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Tucked down narrow lanes in a hidden valley just 10 minutes south of Bath and perched on a hillside overlooking the village, the 16th-century Wheatsheaf Inn is as pretty as a picture.

Admire its cream painted façade adorned in flowers, step inside and be surprised to find a very contemporary-smart interior with whitewashed beams, painted stone walls, statement wallpaper and high-backed Lloyd Loom wicker dining chairs in the stripped-back bar area.

The raised log fire in the old stone fireplace hints at the inn's age, so bag one of the squashy sofas and peruse the papers with a pint. There are jugs of garden flowers, guidebooks and foodie magazines to read, all adding to a relaxed and informal atmosphere. Art is taken seriously and the walls in the bar and dining areas regularly become a gallery space for local artists, with regular solo exhibitions.

Outdoors, big benches and cream brollies draw the crowds on sunny days - it's the perfect spot for summer eating (pizza oven), drinking and unwinding. Cool rooms complete the pleasing picture.

Rooms from

4 doubles £120

Good to know

  • Amex not accepted, Visa / Mastercard / Maestro all accepted

  • Disabled access
  • Alfresco dining
  • Parking available
  • Dogs welcome overnight

Dogs are welcome throughout the inn and can expect a friendly greeting from the owner's five cocker spaniels, too!

A touch of culture
Close to the historic city of Bath, full of art galleries, stunning architecture and history, there's plenty to keep culture buffs occupied in this part of the world.

Alfresco heaven
Set on two lush grassy terraces, replete with bright flower borders, veg plots and chickens and a wood-fired pizza oven, the stunning south-facing garden makes the most of the tranquil valley view.


Descend the stone steps from the garden to find the three cosy rooms housed in 'The Shed', the former cow shed, or book the 'Wendy House, a cool cabin room with views.

Furnished in contemporary-rustic style, Daisy, Bluebell and Buttercup rooms in The Shed all have a soothing heritage hues, super comfortable beds with Egyptian linen and goose down duvets, simple, modern wooden furnishings, and swish tiled bathrooms with storm showers, bathrobes and White Company soaps and lotions. If you're thirsty and peckish on arrival, there's a good choice of tea, fresh coffee and goodies in the 'tuckbox', plus the all-important corkscrew should you wish to explore the stocked mini-bar.

Equally enticing is the Wendy House, a secluded and rustic-cool cabin room or superior king suite, offering fabulous valley views over Combe Hay.

Restaurant & bar

With its own distinctive style and identity showcased through its monthly-changing à la carte The Wheatsheaf has earned an excellent reputation for its food.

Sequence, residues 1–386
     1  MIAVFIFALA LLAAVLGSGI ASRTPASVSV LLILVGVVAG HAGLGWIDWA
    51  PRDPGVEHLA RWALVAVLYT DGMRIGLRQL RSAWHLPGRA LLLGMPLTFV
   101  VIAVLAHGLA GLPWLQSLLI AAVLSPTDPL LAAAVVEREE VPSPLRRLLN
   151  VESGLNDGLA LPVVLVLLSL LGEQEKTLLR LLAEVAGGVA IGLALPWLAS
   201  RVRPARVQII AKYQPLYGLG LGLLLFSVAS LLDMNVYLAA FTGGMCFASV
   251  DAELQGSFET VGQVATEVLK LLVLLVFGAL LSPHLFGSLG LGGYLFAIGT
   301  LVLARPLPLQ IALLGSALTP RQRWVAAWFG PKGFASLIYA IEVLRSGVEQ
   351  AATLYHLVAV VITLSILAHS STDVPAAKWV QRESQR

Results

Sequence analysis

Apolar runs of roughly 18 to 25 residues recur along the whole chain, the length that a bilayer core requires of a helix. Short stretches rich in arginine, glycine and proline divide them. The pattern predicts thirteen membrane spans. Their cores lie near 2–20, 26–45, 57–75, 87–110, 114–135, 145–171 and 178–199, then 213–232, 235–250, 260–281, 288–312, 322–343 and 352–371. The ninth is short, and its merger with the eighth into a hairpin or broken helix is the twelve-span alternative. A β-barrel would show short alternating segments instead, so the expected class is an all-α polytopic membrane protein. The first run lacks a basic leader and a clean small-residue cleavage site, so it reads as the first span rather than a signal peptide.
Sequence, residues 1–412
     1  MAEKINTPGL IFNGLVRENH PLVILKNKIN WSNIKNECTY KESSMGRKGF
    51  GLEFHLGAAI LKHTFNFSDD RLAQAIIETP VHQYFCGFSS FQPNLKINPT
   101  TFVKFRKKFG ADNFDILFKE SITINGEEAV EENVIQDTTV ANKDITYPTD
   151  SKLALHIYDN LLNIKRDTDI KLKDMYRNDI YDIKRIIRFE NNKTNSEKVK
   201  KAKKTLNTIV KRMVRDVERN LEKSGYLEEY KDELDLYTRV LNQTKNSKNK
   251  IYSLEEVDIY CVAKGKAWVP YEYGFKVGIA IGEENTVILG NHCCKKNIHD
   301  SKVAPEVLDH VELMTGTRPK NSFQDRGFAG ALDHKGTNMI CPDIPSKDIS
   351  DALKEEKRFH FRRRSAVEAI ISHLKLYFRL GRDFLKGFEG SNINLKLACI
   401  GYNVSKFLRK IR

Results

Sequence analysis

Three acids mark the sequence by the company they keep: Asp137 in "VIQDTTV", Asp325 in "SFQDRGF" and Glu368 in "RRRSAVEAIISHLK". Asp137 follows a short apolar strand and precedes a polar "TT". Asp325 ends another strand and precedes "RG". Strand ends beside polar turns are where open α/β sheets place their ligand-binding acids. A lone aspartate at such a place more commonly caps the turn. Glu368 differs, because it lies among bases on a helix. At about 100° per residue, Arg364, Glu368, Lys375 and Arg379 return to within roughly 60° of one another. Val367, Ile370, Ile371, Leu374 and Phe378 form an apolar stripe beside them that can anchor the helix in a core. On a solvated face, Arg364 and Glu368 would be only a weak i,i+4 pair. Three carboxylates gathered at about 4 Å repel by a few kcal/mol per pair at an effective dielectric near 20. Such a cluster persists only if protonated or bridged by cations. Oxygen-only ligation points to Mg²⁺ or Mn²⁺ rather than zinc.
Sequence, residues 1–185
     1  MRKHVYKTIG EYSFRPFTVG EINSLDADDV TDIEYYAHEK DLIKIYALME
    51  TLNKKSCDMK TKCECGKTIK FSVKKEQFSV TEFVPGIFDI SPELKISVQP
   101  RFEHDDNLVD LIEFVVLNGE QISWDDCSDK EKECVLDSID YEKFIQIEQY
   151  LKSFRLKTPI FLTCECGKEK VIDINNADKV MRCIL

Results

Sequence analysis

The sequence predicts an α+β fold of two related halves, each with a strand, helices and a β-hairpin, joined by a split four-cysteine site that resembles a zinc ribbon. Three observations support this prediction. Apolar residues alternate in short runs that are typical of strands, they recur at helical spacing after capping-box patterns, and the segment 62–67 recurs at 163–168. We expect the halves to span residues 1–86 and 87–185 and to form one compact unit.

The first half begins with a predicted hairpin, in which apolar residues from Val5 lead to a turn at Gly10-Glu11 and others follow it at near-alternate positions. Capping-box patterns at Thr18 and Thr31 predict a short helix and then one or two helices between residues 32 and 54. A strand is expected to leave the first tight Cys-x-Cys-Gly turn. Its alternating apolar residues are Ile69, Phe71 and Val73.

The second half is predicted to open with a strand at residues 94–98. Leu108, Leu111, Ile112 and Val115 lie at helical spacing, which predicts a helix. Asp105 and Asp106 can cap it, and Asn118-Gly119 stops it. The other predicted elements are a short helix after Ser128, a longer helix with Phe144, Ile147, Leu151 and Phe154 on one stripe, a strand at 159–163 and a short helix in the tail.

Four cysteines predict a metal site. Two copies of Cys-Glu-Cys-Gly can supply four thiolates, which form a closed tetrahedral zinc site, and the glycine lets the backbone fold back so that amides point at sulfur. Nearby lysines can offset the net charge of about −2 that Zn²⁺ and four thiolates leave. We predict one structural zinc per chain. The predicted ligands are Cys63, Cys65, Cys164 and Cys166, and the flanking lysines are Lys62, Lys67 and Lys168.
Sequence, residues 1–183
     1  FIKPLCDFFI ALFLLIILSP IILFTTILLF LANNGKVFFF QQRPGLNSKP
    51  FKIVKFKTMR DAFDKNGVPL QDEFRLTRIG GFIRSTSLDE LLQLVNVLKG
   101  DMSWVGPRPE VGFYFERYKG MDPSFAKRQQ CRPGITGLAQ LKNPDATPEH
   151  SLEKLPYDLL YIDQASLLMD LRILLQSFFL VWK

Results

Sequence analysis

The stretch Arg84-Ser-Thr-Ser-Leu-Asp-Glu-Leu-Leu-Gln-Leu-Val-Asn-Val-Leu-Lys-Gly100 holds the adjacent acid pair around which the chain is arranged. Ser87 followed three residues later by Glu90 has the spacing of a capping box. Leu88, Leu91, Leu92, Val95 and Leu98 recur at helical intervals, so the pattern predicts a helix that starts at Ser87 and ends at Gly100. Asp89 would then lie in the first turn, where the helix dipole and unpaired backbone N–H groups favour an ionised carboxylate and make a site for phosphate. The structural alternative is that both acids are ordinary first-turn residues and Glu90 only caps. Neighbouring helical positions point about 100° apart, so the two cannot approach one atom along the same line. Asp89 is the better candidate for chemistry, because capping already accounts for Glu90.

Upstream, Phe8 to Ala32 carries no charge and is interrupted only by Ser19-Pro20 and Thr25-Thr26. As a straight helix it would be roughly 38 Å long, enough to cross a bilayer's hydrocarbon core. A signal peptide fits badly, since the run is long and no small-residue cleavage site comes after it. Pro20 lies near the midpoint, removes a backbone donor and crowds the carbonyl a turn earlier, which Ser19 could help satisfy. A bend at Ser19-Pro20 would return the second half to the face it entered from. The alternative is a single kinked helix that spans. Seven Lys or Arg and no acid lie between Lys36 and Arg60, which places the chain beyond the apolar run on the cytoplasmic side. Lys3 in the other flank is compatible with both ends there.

Produce is locally sourced, vegetables and herbs grow in the garden, and eggs and honey comes from the inn's hens and bees. Bold, well-defined flavours can be seen across a range of dishes - some sophisticated and refined (lamb rump, braised shoulder pie, glazed turnips, cavolo nero, soubise sauce), others classic and comforting - maple-glazed Wiltshire ham, fried duck eggs, homemade skinny chips and brown sauce. Don't miss the great value Sunday lunch menu and the imaginative pizzas from the wood-fired oven.

Scour the wine-laden shelves for a glass of something European - owner James Barton is passionate about French wines, so expect some interesting vintages among the Bordeaux and Burgundy selections. Ale aficionados will find Otter Ale and local Butcombe on tap and there's local Honey's Midford for the cider drinker.
Things to do

Bath is a fabulous city for walking, with a compact centre and some hills if you want more of a challenge. There's the canal path for the Kennet & Avon Canal which quickly takes you out ion to rolling fields and pretty countryside. For those looking to enjoy the valley views, don't miss The Bath Skyline Walk - six miles of way-marked footpaths, beech woodlands and limestone-rich valleys full of flowers, interspersed with extensive views over Bath and towards the Blackdown Hills.

Or, head to the pretty town of Frome and potter around the Frome Independent Market - a justly famous and very fashionable weekly market celebrating local, independent producers, designers and craftspeople. Or explore Frome's 'artisan quarter', St Catherine's, where you'll find designer-makers, vintage specialists, and people selling arts and craft supplies.

Getting here


Nearest train station: Bath Spa
Taxi from station: 9min
Drive: Bristol 36min; Salisbury 55min


Combe Hay, Bath, Somerset, BA2 7EG

Prices & availability